WHEN soy burst onto the Western food scene in the early 1990s, the possibilities for the bean seemed boundless. The protein-packed legume had potential to prevent breast cancer, increase bone mass, alleviate hot flashes. It seemed to lower cholesterol, and thus to help prevent heart disease.
Millions of dollars were poured into research, and technologists plopped soy into every food imaginable. They ground it into burgers, hot dogs and sausages (Tofurky was born). They processed it into cheese, milk and ice cream. Manufacturers added it to baby formula, and baristas foamed it into lattes.
Purists consumed soy in its traditional Asian forms -- as tofu, \o7tempeh\f7 or \o7edamame\f7 -- while hard-core health nuts sought out soy protein powder or isoflavone-packed supplements.
But 15 years later, with ever more soy products available in the grocery store and conspicuous soy consumption a cultural shorthand for "Hey, I'm health-conscious!", the tides are turning against the Asian wonder food.
Call it the "soy backlash."
A crop of books and articles are now warning about the dangers, not benefits, of the bean.
Soy now has its very own tell-all, penned by a certified nutritionist: "The Whole Soy Story: The Dark Side of America's Favorite Health Food."
It's being tracked by an international watchdog group, the Soy Online Service, whose mission is to "uncover the truth about soy" and inform consumers about "the plethora of criminal and dangerous lies that issue from the soy industry."
Soy, we are warned, can do terrible things should we overdose on tofu or soysauge, suggests the men's magazine, Best Life: "Grow man boobs! Shed muscle tone! Boost estrogen! Saps your sex drive!"
These reactions are extremes. But even mainstream scientists are pulling back on once-heady health predictions for the bean. New research is showing that soy is not the magic bullet researchers once hoped it might be.
Yet these scientists also see soy's fall from grace as the latest casualty in Americans' endless -- and unrealistic -- search for a single substance that can change your life.
"It's just food!" says soy guru Mark Messina, an adjunct professor of nutrition at Loma Linda University in California, who has written books on its health effects and consults for the soy industry. "We are talking about diet here. Not the fountain of youth."
The vegetable in the hairy pod is a pretty complicated bean. Native to China and Japan, it is termed the "king of legumes" because it has the most complete protein of any member of the pea family. It is high in calcium, magnesium and vitamin B, and contains estrogen-like chemicals -- isoflavones.
Soy has had its share of celebrity champions. Henry Ford was batty for the bean. He created a car made out of plastic from soybeans, wore a soybean suit and soy fiber tie at various public functions, and served a 15-item soy menu at the 1934 World's Fair.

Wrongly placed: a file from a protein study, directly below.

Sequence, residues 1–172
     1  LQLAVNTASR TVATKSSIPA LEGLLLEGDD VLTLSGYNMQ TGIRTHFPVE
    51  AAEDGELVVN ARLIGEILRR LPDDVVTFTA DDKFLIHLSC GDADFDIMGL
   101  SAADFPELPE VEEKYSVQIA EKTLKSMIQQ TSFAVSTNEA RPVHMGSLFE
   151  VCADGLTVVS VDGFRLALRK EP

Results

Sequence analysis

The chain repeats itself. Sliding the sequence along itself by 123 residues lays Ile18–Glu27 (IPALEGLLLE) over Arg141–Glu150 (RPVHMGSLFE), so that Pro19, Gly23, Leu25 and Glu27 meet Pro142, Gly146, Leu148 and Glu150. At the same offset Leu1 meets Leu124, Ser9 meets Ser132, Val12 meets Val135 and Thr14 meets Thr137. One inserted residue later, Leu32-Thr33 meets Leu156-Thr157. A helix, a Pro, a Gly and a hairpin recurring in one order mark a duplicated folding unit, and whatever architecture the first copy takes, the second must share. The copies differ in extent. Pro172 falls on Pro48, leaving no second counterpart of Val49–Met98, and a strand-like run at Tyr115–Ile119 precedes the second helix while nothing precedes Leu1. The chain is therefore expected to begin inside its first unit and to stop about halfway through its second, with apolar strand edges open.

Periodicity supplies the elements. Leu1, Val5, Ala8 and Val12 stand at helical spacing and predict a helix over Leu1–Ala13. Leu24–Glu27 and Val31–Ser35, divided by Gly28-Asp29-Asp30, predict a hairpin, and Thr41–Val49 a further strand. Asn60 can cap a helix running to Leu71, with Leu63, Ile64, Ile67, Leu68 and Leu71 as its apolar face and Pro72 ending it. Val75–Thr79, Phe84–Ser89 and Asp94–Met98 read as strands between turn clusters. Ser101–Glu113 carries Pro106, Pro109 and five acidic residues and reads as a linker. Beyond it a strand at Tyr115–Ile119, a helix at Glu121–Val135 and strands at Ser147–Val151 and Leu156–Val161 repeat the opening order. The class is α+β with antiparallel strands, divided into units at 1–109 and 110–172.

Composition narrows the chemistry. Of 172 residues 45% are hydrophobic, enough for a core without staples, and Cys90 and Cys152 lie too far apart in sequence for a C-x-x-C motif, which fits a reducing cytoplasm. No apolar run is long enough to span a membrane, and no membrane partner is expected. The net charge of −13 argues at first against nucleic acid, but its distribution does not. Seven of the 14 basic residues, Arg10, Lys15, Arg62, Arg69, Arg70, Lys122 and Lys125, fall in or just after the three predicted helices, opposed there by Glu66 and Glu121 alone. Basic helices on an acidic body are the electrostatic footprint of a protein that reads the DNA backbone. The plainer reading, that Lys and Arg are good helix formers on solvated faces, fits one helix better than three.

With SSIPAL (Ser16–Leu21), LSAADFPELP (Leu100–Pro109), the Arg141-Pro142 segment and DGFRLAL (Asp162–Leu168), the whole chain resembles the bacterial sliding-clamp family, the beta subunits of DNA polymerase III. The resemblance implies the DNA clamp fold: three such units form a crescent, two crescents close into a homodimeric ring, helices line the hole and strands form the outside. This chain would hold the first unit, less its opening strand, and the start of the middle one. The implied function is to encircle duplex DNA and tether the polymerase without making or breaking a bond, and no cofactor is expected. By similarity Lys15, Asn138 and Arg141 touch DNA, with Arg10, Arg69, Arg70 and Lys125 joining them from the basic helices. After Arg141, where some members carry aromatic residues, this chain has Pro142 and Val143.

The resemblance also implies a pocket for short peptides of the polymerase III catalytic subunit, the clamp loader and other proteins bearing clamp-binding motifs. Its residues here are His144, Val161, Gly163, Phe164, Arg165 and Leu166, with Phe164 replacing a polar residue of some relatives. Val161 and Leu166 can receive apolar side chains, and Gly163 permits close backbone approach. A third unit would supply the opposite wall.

But it was in the 1990s that evidence of soy's possible benefits began to mount (see sidebar) and books and magazines took the science and ran with it. "Are soy isoflavones the women's health powerhouse?" asked a 1997 article in the newsletter the Nutrition Reporter, adding that soybeans might end up "the ultimate women's health supplement of the 21st century."
The market for soy foods exploded.
Over the last 10 years, the average growth rate of soy products has been about 14% a year, says Peter Golbitz, president of Soyatech, a soy industry information company. Even now, he says, soy sales continue to grow, albeit less briskly. "We have been selling to baby boomers and hippies for the past 20 years," he says. "Now it is time to embrace the changing demographic of the American consumer."
That, he said, includes Latinos, Gen X-ers and Y-ers.
Perhaps no food could withstand the hype heaped on soy. But with more rigorous scientific examination, the bean's starry promise seems to be crumbling.
In January, the American Heart Assn. published an advisory pulling back on its earlier, 2000 stance on soy, which had recommended "including soy protein foods in a diet low in saturated fat and cholesterol." January's statement said that a review of 22 studies showed that soy protein with isoflavones did not, after all, seem to improve cholesterol. Thus, the association said, it "could not recommend the use of isoflavone supplements in pills or food for the prevention of heart disease."
Alice Lichtenstein, a nutrition scientist at Tufts University and the chair of the heart association's nutrition committee, says the scientific cart simply got ahead of the horse.
"Soy is good," she says. "Soy as a food is very good" -- but only because it has healthier fats and vitamins than, say, meat. If you eat a soy burger, you are not eating a hamburger. If you are eating a tofu pup, you are not eating a hot dog.